Teen depression rates are rising. You probably see on the news or in your social media feeds posts about teen suicide. This isn’t meant to scare you, but to inform you. Teenagers today are struggling with overwhelming emotions. They are facing unrealistic pressure and expectations of trying to the best. They often need help learning how to recognize and understand what they are feeling. Let’s talk about signs of when you may need to help your teen manage their emotions.Teen depression rates are rising. You probably see on the news or in your social media feeds posts about teen suicide. This isn’t meant to scare you, but to inform you. Teenagers today are struggling with overwhelming emotions. They are facing unrealistic pressure and expectations of trying to the best. They often need help learning how to recognize and understand what they are feeling. Let’s talk about signs of when you may need to help your teen manage their emotions.
Social Withdrawal This is typically an indicator a parent will notice when their teen doesn’t want to social with their peers. Some teens withdrawal from some but not all friends. This is a good time to ask them what is going on. Remember to be validating and role model understanding. Depending on how they answer will determine your next steps. If there is a barrier you may want to seek outside support such as counseling.
Increased and Unexplained Aches and Pains Depressed teen often complains of not feeling well. Common aliments include headaches and stomach aches. It is important to take them to their primary care physician to rule out any medical causes. Depression can lead to physical complaints that may impact school and social avoidance.
Irritable or Angry I know you are thinking isn’t every teen moody, but that’s not entirely accurate. While the brain is still developing impacting their mood shifts, the type of irritability and anger I am referring to is yelling, fighting, rage, cursing, or property destruction. Depression in teenage boys may look different than girls, boys may be more outward destructive behaviors. They may appear more oppositional and get involved with the wrong crowd, while girls may become more withdrawn.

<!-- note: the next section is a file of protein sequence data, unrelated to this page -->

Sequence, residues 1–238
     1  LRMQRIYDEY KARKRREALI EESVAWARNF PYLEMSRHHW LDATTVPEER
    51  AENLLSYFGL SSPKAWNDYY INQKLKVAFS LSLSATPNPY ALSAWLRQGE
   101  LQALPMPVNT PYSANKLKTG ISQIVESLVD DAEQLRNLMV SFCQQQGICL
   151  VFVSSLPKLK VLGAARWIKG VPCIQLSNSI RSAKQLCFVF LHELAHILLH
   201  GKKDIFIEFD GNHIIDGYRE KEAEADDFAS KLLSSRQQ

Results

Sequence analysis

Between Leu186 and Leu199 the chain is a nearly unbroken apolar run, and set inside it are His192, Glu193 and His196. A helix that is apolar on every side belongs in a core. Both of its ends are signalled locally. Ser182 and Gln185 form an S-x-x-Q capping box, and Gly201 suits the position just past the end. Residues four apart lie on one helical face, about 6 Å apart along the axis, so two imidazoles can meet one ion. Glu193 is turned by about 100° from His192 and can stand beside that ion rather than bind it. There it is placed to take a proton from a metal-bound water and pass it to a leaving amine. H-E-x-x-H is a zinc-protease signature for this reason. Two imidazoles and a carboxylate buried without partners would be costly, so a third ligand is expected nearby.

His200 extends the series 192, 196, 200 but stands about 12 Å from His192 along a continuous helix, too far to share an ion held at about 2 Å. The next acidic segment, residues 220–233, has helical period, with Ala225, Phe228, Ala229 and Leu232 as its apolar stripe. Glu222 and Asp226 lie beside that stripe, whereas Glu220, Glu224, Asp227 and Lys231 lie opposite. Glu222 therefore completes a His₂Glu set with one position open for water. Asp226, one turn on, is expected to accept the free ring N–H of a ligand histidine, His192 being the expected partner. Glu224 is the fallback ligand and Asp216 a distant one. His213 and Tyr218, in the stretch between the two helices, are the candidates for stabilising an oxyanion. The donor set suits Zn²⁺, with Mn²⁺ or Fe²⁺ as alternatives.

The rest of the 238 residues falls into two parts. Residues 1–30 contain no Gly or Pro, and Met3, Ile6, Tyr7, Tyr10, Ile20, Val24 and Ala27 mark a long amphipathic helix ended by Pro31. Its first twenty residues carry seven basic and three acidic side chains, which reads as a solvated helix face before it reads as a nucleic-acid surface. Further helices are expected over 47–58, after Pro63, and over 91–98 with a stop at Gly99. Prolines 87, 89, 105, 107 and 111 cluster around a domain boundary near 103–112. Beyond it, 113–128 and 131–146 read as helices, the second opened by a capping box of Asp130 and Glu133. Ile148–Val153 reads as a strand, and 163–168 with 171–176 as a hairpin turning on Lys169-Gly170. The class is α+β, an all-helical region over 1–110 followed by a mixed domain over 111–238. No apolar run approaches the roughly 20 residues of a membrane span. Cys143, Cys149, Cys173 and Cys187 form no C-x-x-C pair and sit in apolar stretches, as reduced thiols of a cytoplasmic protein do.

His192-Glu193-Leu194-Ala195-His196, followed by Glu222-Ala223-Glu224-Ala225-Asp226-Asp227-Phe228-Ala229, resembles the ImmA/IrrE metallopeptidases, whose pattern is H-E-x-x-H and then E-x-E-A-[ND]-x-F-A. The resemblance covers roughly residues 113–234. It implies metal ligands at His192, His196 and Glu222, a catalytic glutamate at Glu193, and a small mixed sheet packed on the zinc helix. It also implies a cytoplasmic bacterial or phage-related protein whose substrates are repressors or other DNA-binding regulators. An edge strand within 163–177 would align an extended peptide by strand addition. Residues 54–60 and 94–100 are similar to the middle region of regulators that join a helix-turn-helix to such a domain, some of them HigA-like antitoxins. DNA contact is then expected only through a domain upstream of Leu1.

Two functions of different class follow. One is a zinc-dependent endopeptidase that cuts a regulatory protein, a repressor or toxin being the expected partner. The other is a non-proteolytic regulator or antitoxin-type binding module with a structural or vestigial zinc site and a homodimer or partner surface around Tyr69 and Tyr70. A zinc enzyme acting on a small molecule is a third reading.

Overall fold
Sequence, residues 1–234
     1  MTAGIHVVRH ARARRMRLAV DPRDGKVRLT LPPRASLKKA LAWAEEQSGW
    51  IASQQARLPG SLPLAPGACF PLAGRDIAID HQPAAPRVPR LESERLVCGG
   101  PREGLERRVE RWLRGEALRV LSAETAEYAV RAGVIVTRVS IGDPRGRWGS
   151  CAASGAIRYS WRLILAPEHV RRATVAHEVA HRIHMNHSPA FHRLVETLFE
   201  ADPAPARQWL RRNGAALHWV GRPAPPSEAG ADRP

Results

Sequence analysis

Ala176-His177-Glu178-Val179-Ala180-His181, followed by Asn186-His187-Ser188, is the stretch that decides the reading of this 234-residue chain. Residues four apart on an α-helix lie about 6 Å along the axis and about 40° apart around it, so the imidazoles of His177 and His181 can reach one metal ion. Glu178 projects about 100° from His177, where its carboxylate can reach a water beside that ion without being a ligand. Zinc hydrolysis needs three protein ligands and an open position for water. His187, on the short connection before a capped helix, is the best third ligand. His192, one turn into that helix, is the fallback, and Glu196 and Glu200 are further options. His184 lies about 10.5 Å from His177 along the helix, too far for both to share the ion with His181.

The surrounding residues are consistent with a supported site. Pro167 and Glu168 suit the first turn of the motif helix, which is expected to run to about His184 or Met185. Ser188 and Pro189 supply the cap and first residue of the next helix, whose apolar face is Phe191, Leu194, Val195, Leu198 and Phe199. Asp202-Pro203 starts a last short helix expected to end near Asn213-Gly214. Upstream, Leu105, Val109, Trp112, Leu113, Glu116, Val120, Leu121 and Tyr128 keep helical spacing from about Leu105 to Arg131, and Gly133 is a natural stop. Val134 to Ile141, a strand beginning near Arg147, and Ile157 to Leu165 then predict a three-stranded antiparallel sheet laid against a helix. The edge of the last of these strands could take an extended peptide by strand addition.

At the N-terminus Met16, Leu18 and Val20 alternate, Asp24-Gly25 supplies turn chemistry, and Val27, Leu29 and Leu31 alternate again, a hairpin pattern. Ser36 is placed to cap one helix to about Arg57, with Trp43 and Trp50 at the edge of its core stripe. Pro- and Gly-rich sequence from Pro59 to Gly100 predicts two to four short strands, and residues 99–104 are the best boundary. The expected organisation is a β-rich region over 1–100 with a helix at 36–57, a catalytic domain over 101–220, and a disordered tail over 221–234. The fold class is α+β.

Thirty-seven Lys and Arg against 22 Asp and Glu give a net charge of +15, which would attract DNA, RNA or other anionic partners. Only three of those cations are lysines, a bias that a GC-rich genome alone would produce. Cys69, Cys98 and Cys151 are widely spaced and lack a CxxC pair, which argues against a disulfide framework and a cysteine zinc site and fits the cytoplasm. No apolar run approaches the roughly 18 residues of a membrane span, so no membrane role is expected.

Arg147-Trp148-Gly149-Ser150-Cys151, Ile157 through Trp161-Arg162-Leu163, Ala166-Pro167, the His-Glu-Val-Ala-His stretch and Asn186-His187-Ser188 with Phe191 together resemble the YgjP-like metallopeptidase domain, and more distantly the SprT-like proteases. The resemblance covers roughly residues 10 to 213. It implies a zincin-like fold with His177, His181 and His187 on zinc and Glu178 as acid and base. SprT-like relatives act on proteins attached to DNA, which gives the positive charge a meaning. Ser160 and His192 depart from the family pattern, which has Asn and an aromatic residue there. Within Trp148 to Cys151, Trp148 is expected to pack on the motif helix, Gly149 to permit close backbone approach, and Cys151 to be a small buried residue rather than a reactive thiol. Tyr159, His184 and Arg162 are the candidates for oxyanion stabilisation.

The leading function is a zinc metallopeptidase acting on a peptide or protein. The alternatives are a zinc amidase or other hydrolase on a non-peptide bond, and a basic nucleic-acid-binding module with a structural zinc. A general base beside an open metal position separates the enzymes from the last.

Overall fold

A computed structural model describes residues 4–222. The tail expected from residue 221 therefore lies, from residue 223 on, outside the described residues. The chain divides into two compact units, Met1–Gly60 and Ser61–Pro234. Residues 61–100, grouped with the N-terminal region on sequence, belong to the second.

Let’s talk about ways can help!
3 Ways to Help Them
1. Make face time a priority
This may simple but for some it is harder than it sounds. Quality time can say “you are important and a priority.” Take time each day to be totally focused on your teen.
2. Limit Screen Time
More and more research is showing the negative impact screen time is having on mental health. Teens often go online, play video games, or watch YouTube to avoid dealing with their emotions. Social media also creates tremendous pressure for teens to be perfect, comparing themselves to perceived versions of others’ lives. This is a standard no one can live up to. Talk to your teens about the impact of social media. Have social media contracts or discuss online safety.
3. Get active with your teen
Exercise is a great mood booster. Ask your teen what they want to do. This is a great way to bond as well. Suggest activities such as sports or hiking or promote volunteering or being a mentor.
This blog reviewed some of the signs may indicate your teen is depressed. There are many more that you can find here. Observe your child, get to know them, monitor if they are off their baseline. Ask questions and keep the dialogue going.
IF YOUR TEEN NEEDS HELP DEALING WITH DEPRESSION, I’M HERE TO SUPPORT YOU.
Click here to schedule you FREE 15-minute consultation call so that we can connect and discuss the next best steps for your teen. I look forward to speaking with you soon.